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Most schoolie conversions to RVs involve a specific series of steps, not necessarily in this order:
- Removal of seats
- Installation of 110/220 VAC electrical system, generator/inverter, solar system, extra batteries, etc.
- Installation of plumbing, including:
- Insulation of the floor, walls and/or ceilings
- Installation of electricity such as door bells, wall sockets, light switches, circuit breakers, ceiling/wall light fixtures, etc.
- Installation of replacement flooring
- Placing of furniture, cabinetry and appliances
- Exterior cosmetic changes (paint, stickers, etc.)
- Interior cosmetic changes (painting and decoration of ceilings, walls, windows, doors, and floors)
Some schoolies also undergo some more dramatic structural changes, often to improve the sometimes limited head room, as the inside of most school buses at the middle is 6'1" (1.85 m). Raising the roof on schoolies is a relatively common modification, and some enthusiasts even go so far as to remove the entire roof and replace it with an entirely new custom roof, usually much higher (See Vista-Dome). Some buses also have had other vehicles grafted to them, had RV "slide-out" sides installed, or have included Jacuzzis.
There are varying regulations in different states in the United States that affect the conversion of a school bus into an Recreational Vehicle (RV). Some states require that the bus's signaling equipment (stop sign, flashing lights, etc.) be removed and the school bus yellow paint scheme, such as California and Illinois, be changed. Other states simply require that the "School Bus" signage at the top front and rear be removed.
In other countries, a second driving license specific to commercial vehicles may be required to purchase and legally own the vehicle, even before any works are performed on it. In the UK, for example, owners of a Passenger Carrying Vehicle (PCV) require a Category D1 or D license to drive it on the UK's road network. Lacking such a license will make transporting the vehicle once purchased especially difficult.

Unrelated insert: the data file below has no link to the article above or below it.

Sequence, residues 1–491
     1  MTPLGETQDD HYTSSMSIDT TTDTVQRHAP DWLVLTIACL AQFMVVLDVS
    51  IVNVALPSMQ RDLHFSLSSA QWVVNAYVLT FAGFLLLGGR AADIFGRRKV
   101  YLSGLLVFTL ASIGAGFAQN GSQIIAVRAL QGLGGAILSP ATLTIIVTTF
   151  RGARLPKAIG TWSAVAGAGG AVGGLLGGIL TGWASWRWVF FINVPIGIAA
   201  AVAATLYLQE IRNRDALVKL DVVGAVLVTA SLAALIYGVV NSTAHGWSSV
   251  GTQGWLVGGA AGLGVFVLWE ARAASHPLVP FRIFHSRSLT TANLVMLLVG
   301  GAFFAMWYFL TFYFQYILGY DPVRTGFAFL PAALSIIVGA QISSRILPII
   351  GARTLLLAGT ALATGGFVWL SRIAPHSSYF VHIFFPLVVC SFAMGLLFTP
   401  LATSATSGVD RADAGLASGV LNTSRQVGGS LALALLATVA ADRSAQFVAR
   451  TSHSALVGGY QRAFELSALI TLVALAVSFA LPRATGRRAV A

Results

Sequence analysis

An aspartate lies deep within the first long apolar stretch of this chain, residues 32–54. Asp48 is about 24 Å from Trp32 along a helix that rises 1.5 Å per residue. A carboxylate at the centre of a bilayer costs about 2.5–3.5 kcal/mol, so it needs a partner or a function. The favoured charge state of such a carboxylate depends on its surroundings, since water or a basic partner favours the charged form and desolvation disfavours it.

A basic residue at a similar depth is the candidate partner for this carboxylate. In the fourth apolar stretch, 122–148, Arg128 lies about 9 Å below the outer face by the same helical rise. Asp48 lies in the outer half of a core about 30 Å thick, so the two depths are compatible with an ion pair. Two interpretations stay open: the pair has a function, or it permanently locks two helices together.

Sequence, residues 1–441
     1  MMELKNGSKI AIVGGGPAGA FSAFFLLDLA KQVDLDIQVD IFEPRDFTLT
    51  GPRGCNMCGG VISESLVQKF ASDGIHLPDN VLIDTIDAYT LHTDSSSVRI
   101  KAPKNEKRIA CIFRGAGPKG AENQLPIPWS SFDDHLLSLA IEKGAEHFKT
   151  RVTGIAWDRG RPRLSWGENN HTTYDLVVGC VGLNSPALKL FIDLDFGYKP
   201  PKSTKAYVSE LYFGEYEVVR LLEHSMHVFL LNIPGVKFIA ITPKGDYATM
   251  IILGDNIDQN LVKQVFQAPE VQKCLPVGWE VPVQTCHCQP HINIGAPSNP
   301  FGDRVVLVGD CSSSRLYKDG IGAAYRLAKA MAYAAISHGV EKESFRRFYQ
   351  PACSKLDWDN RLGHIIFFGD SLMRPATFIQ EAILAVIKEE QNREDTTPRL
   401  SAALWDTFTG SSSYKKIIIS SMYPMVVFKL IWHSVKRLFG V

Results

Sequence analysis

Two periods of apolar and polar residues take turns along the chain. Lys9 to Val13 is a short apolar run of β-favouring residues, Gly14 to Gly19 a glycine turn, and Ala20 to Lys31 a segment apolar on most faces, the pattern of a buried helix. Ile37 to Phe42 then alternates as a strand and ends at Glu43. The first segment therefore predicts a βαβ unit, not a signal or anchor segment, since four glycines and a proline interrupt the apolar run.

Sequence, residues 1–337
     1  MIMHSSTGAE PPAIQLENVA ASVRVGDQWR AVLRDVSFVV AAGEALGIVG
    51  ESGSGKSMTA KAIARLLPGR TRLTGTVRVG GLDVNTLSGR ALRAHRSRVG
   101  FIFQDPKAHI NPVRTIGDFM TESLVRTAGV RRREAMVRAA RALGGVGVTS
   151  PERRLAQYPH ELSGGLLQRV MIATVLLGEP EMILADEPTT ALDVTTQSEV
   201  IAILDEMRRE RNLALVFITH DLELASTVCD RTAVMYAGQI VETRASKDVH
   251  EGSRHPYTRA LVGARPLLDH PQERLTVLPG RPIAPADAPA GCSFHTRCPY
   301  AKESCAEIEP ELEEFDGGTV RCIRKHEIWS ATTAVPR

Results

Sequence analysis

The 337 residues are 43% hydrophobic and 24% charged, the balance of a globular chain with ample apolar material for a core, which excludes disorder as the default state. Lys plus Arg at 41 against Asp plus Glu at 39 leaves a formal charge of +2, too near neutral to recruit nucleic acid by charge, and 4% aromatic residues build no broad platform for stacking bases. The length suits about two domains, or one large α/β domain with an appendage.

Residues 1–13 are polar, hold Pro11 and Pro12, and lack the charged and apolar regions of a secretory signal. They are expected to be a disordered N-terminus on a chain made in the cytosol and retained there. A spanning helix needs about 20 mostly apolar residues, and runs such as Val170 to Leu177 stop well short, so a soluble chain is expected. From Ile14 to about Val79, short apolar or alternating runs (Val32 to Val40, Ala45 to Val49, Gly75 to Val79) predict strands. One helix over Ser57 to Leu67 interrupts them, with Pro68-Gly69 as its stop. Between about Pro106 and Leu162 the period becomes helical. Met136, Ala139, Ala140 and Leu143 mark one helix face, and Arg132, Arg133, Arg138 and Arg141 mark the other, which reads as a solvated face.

Note that if one is driving a large vehicle (more than a certain GVWR) one normally needs a Commercial Driver's License. However, if one is driving the vehicle strictly for personal reasons such as recreation, such a license is not required. However, if one ventures into Canada and has air brakes, such a license (or a regular license with airbrake endorsement) is required. If one does not have such an endorsement, one's bus will be parked until a properly-licensed driver is engaged to move it.
One of the most difficult problems facing someone wishing to own their own used school bus is that of insurance. Many individuals have obtained insurance online or by telephone, only to have their policy cancelled as soon as underwriting has examined the paperwork. Reasons given are that drivers are less than well-trained and that a large vehicle has the ability to cause more damage than a car. The critical problem is one of possible misrepresentation: if the owner claims he owns a truck and is in an accident, the insurance company may disallow his claim or pay it and then drop him - and obtaining insurance after being dropped is very difficult. One should find a local agent and arrange one's insurance before purchasing a bus to avoid the problem of owning a vehicle that cannot be legally driven.
- Natural State Nomads - Exploring Life, one road at a time A Thomas School Bus Conversion / Skoolie conversion by a couple from Arkansas.
- Skooliepalooza an annual festival and meetup of skoolie owners and those looking to convert a skoolie of their own.
- Skoolie Nation a group forum of skoolie owners sharing the conversion process and living daily life in a skoolie.
- Skoolie.net a website for documenting and discussion of school bus conversions.
- Jake's School Bus Conversion Project a documented step by step conversion story.
- Vicaribus a Thomas Vista short bus conversion in progress in Denver.
- Bus Conversions, Personal Pages at DMOZ